INVESTING in computerised, automatic calf feeders brings greater control and consistency to rearing wee calves.
These machines also reduce the labour required, but to be effective good hygiene and sound overall management are vital.
According to Una Hickey, Volac National Sales Manager, the technology available in automatic feeders is improving all the time. But, as ever, the key to good husbandry and getting the most out of these innovative machines is attention to detail.
“Rearing calves on an automatic feeder can definitely make calf milk feeding easier and more time-efficient, but is never an alternative to spending time with stock. It is essential that feeders are well maintained and that you still observe calves regularly for early signs of problems.
“When you make the big step forward from manual to automatic feeding you will still be spending a similar amount of time with your calves.
“But you will not be spending this time lugging seemingly endless buckets of milk around the yard! Plus your automatic feeder smooths out the many potential variables in the rearing process. Not least inconsistent mixing rates and milk feeding temperatures.
“Farmers buying a new automatic feeder typically install them in an existing building rather than into new calf housing.
“So make sure you have the right number of feed stations for the number of calves you want to feed. Even if the building has been used for rearing calves before make sure ventilation and drainage are up to the mark.
“Ideally, pen floors need to slope from the back to a drain at the front. A one-in-20 fall is ideal to give your calves a clean, dry environment.”
Una points out that most automatic calf feeding machines do two hot washes a day, which means about 10 litres of water are used. Remember that when sorting out drainage in the rearing unit.
Volac recommends that
calves are moved onto an automatic feeder when they are one week of age, by which stage they should take easily to the feeder and cope well with the move.
“As with all calf feeding systems, ensure calves are fed sufficient high-quality colostrum as soon as possible after birth,” urges Una.
“This means giving them three litres within two hours of birth, followed by another similar sized feed within six to 12 hours from birth. After this they should be introduced to a good quality milk replacer before moving onto the automatic feeder at seven days of age.
“Initially the calf should be able to access a total of six litres of performance-formulated milk powder ‘little and often’ – for example, three two litre feeds during a 24-hour period.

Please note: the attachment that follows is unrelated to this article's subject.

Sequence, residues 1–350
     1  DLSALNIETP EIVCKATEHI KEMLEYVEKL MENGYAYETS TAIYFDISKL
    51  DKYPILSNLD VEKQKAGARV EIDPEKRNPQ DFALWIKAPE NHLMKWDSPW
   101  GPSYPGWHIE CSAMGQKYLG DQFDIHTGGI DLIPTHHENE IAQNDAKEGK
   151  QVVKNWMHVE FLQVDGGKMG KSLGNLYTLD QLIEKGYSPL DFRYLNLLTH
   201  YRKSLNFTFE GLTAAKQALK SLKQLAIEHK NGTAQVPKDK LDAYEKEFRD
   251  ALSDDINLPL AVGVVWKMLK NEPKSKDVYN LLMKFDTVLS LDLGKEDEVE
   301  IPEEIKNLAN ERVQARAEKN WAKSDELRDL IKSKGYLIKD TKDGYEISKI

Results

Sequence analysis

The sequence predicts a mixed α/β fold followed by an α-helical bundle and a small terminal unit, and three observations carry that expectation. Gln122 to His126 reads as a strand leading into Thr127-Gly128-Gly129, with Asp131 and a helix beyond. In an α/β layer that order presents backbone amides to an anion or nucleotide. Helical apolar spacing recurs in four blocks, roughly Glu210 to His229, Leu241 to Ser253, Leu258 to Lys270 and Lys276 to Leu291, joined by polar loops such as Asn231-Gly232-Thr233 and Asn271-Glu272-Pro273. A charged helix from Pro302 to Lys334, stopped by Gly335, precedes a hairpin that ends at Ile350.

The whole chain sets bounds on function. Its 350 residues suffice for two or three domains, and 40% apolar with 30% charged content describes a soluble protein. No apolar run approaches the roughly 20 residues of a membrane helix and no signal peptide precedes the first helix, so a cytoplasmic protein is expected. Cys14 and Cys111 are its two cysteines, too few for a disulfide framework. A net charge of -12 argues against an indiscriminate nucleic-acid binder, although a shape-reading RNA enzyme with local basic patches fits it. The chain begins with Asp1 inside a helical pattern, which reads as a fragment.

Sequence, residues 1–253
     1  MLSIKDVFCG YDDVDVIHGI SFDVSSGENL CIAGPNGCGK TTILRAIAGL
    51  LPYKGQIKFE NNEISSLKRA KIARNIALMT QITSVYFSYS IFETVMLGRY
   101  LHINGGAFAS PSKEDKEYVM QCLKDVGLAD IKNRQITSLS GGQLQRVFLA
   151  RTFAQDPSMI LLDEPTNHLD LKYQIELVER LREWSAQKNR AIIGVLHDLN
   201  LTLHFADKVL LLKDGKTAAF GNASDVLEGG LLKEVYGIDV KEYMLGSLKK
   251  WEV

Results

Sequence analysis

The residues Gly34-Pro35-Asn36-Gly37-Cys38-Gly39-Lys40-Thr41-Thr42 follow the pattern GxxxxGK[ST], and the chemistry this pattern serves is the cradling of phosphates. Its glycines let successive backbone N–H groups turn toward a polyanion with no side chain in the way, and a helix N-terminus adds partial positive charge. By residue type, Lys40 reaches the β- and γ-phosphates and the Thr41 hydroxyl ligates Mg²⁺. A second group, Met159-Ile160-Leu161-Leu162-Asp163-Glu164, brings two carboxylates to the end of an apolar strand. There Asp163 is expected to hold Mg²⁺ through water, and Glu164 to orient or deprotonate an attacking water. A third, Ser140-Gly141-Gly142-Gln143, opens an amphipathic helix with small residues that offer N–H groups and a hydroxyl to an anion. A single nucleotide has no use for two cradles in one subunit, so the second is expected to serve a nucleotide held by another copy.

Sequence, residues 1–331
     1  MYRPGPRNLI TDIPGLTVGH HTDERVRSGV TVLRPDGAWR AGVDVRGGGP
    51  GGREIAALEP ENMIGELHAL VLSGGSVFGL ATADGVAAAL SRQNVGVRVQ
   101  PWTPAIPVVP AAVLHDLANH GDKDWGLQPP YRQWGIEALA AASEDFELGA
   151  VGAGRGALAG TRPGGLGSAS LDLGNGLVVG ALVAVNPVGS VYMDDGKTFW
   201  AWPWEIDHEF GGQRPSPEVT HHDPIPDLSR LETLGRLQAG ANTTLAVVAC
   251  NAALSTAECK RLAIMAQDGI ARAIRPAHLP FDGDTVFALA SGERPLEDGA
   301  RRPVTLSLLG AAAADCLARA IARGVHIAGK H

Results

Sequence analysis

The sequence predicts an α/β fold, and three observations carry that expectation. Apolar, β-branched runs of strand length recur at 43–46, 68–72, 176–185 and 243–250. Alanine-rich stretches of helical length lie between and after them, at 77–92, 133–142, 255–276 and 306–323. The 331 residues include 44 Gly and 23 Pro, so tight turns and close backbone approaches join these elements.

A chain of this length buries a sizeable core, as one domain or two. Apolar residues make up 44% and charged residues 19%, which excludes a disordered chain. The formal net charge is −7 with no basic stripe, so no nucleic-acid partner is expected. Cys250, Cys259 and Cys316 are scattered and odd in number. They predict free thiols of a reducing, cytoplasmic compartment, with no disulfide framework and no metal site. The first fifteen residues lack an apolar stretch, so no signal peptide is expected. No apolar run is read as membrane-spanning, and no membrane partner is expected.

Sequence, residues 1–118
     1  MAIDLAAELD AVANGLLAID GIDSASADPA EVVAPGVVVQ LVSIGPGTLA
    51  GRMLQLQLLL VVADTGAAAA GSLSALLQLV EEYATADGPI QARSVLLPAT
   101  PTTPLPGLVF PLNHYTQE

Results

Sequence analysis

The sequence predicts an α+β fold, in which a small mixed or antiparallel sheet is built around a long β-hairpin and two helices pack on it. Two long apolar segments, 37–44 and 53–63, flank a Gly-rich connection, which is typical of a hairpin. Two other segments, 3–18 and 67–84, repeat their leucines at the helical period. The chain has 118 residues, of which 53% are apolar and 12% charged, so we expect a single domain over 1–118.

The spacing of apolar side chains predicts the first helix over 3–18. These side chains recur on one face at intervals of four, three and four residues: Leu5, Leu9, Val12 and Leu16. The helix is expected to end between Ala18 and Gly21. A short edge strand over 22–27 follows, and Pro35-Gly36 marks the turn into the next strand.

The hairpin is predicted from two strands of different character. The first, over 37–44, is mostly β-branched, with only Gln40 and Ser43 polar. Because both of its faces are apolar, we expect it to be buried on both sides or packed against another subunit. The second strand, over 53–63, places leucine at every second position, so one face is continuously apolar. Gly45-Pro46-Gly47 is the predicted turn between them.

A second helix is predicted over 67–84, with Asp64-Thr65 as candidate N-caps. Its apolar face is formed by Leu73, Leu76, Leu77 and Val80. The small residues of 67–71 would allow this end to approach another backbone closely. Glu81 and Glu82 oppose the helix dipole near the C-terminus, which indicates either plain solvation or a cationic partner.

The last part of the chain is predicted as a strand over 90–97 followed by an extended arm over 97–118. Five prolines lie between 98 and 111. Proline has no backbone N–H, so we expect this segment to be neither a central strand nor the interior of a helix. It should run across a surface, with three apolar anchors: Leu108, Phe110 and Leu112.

“You can programme the feeding curve on the machine, which makes life a lot easier. Well maintained automatic machines supplied by Forster Technik and Urban always mix calf milk replacer accurately with water and make sure the milk is always delivered to the calf at the correct temperature.
“Heifer calves that you want to calve down at 23-25 months old need to be gaining 0.7-0.8kg per day, which means you must be feeding a minimum of 750-900g per day of good quality milk formula, such as Volac’s Lifeguard range, to hit this target.
“This will continue until the calf has been on the feeder for 35 days and then weaning should begin,” Una says.
“Computerised systems linked to EIDs can collect individual calf data on milk intakes and drink speeds. If you have weigh cells, which are available when installing feeding stations, you can record weight every time the calf feeds – making life easier because you will not be handling calves separately to weigh them.
“Volac advises gradually reducing the amount of milk offered to calves over a three-week period between days 35 and 56. This encourages starter meal intake, helps rumen development and improves the ability of the calf to digest nutrients post weaning.
“During that three-week weaning period between days 35 and 56 milk replacer is fed at less than or equal to 750g milk solids per day to ensure calves eat enough starter meal to allow for sufficient rumen development.
“Calves fed more milk over the first five weeks of life will be bigger and more vigorous. These calves will subsequently eat more starter when milk is gradually reduced from day 35 to 56. What’s more, calves fed more milk, coupled with good starter intakes, are more likely to achieve their early growth targets and lifetime milk production potential,” Una added.
n To discuss rearing better calves with less labour Freephone 0800 8652 2522, browse www.feedforgrowth.com or contact Volac NI business manager Alistair Sampson on 07860 626442, email email@example.com
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